Whenever we start to talk about artificial intelligence, machine learning, or deep learning, the cautionary tales from science fiction cinema arise: HAL 9000 from 2001: A Space Odyssey, the T-series robots from Terminator, replicants from Blade Runner, there are hundreds of stories about computers learning too much and becoming a threat. The crux of these movies always has one thing in common: there are things that computers do well and things that humans can do well, and they don't necessarily intersect. Computers are really good at crunching numbers and statistical analysis (deductive reasoning) and humans are really good at recognizing patterns and making inductive decisions using deductive data. Both have their strengths and their role. With the massive proliferation of data across platforms, types, and collection schedules, how are geospatial specialists supposed to address this apparently insurmountable task?
Science fiction didn't do a great job in preparing us for our first real encounters with AI. Most people probably still envision AI in the form of a sentient robot that can talk, move around, and experience feelings – something like WALL-E or C-3PO from the movies. Although that still may be the dream, it turns out that the current iteration of AI is actually quite different. With modern AI, all the "thinking" gets done in the cloud, and the algorithms aren't tied to the identity of a physical machine like we would have expected from the big screen. The modern iteration of AI works silently in the background without a face, and it's starting to impact everything it touches.
Microsoft has said it turned down a request from law enforcement in California to use its facial recognition technology in police body cameras and cars, reports Reuters. Speaking at an event at Stanford University, Microsoft president Brad Smith said the company was concerned that the technology would disproportionately affect women and minorities. Past research has shown that because facial recognition technology is trained primarily on white and male faces, it has higher error rates for other individuals. "Anytime they pulled anyone over, they wanted to run a face scan," said Smith of the unnamed law enforcement agency. "We said this technology is not your answer."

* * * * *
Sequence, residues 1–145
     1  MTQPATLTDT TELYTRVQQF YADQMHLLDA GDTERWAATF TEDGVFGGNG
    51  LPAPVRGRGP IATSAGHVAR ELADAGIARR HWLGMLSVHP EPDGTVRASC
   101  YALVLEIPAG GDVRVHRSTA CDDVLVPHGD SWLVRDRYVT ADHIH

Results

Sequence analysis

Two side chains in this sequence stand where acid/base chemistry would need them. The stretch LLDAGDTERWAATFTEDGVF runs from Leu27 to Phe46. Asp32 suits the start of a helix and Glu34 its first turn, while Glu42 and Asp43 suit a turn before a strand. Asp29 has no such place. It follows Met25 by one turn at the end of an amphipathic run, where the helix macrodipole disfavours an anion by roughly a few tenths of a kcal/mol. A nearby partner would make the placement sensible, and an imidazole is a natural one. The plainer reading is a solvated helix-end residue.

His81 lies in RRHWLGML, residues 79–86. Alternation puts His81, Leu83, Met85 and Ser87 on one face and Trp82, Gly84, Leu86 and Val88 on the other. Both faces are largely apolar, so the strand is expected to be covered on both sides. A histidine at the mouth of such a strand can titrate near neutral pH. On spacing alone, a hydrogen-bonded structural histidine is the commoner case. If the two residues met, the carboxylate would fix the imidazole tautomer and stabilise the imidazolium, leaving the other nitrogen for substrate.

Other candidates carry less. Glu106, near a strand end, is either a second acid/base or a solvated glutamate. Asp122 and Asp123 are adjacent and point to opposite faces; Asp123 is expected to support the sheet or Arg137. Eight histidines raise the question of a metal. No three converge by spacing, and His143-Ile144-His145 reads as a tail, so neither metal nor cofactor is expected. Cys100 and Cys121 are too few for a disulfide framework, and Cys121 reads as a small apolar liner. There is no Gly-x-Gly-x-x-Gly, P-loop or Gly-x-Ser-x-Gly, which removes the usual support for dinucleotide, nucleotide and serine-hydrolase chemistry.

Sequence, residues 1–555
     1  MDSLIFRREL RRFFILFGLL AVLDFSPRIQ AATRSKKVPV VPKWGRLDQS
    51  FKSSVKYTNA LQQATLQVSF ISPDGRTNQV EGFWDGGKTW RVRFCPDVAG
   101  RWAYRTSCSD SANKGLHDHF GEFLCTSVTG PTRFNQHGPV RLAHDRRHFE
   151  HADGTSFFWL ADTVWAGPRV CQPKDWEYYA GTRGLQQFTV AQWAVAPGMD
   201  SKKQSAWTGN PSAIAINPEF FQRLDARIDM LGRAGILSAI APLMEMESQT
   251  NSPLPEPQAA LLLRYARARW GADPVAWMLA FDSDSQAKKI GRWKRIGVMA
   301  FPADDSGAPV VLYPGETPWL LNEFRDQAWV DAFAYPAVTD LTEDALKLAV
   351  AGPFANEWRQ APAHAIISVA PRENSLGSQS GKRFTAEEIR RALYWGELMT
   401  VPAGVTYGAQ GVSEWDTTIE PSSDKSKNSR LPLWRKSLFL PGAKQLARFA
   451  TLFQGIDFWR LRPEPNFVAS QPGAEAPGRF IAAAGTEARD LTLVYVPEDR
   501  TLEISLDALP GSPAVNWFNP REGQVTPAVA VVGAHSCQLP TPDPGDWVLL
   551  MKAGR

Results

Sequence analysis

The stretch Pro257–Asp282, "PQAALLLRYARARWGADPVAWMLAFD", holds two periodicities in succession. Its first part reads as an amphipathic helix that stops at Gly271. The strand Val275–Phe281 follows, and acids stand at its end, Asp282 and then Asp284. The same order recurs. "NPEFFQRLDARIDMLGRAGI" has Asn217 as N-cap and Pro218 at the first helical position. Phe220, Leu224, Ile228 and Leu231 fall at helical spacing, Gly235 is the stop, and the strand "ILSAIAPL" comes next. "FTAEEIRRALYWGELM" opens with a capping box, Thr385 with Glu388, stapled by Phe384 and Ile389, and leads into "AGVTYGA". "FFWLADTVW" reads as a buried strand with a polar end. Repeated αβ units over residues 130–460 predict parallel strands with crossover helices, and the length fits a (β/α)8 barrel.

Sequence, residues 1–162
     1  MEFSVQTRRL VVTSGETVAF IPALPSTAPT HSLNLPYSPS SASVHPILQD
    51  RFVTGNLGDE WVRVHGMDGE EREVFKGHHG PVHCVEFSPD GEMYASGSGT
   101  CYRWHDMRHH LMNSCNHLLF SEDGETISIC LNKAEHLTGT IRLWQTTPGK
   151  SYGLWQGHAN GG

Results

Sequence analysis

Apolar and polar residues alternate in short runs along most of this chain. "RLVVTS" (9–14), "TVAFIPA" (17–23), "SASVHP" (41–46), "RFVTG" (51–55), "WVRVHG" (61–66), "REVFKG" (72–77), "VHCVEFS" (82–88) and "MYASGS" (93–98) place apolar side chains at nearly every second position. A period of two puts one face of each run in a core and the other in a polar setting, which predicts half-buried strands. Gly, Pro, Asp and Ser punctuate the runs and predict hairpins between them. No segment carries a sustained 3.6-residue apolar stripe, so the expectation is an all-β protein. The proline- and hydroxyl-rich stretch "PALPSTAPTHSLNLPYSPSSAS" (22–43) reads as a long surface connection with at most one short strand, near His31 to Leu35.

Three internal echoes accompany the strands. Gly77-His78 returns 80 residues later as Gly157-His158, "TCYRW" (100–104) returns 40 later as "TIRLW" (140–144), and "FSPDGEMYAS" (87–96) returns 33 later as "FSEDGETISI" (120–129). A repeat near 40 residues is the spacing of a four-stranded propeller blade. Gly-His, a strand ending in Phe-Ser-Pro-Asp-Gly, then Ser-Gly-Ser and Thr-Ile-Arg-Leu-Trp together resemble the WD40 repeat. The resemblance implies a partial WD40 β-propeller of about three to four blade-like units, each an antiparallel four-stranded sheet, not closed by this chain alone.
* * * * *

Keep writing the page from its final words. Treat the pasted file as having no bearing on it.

Go player Lee Sedol (R) during the third game of the Google DeepMind Challenge Match against Google-developed supercomputer AlphaGo. Leading Australian artificial intelligence scientist Professor Toby Walsh is warning that we are "sleepwalking" into an AI future in which billions of machines and computers will be able to think. Professor Walsh, from the University of New South Wales, is calling for a national discussion about whether society needs to adopt clear boundaries and guidelines around how AI is developed and how it's used in our lives. In his book It's Alive: Artificial Intelligence From The Logic Piano to Killer Robots, he has highlighted key questions in a series of predictions that describe how our future could be far better or far worse because of AI. Here's how he thinks society might change by 2050 thanks to artificial intelligence.
Almost 20 years ago, the medical and scientific communities were overjoyed. With the Human Genome Project finished, there was an air of inevitability that the causes of some of the most common and destructive diseases would soon be pinpointed and eradicated. It'd be simple: one gene, one problem, one solution. We even heard Francis Collins, at the time, say "over the longer term, perhaps in another 15 or 20 years, you will see a complete transformation in therapeutic medicine." Unfortunately, it was never going to be that easy.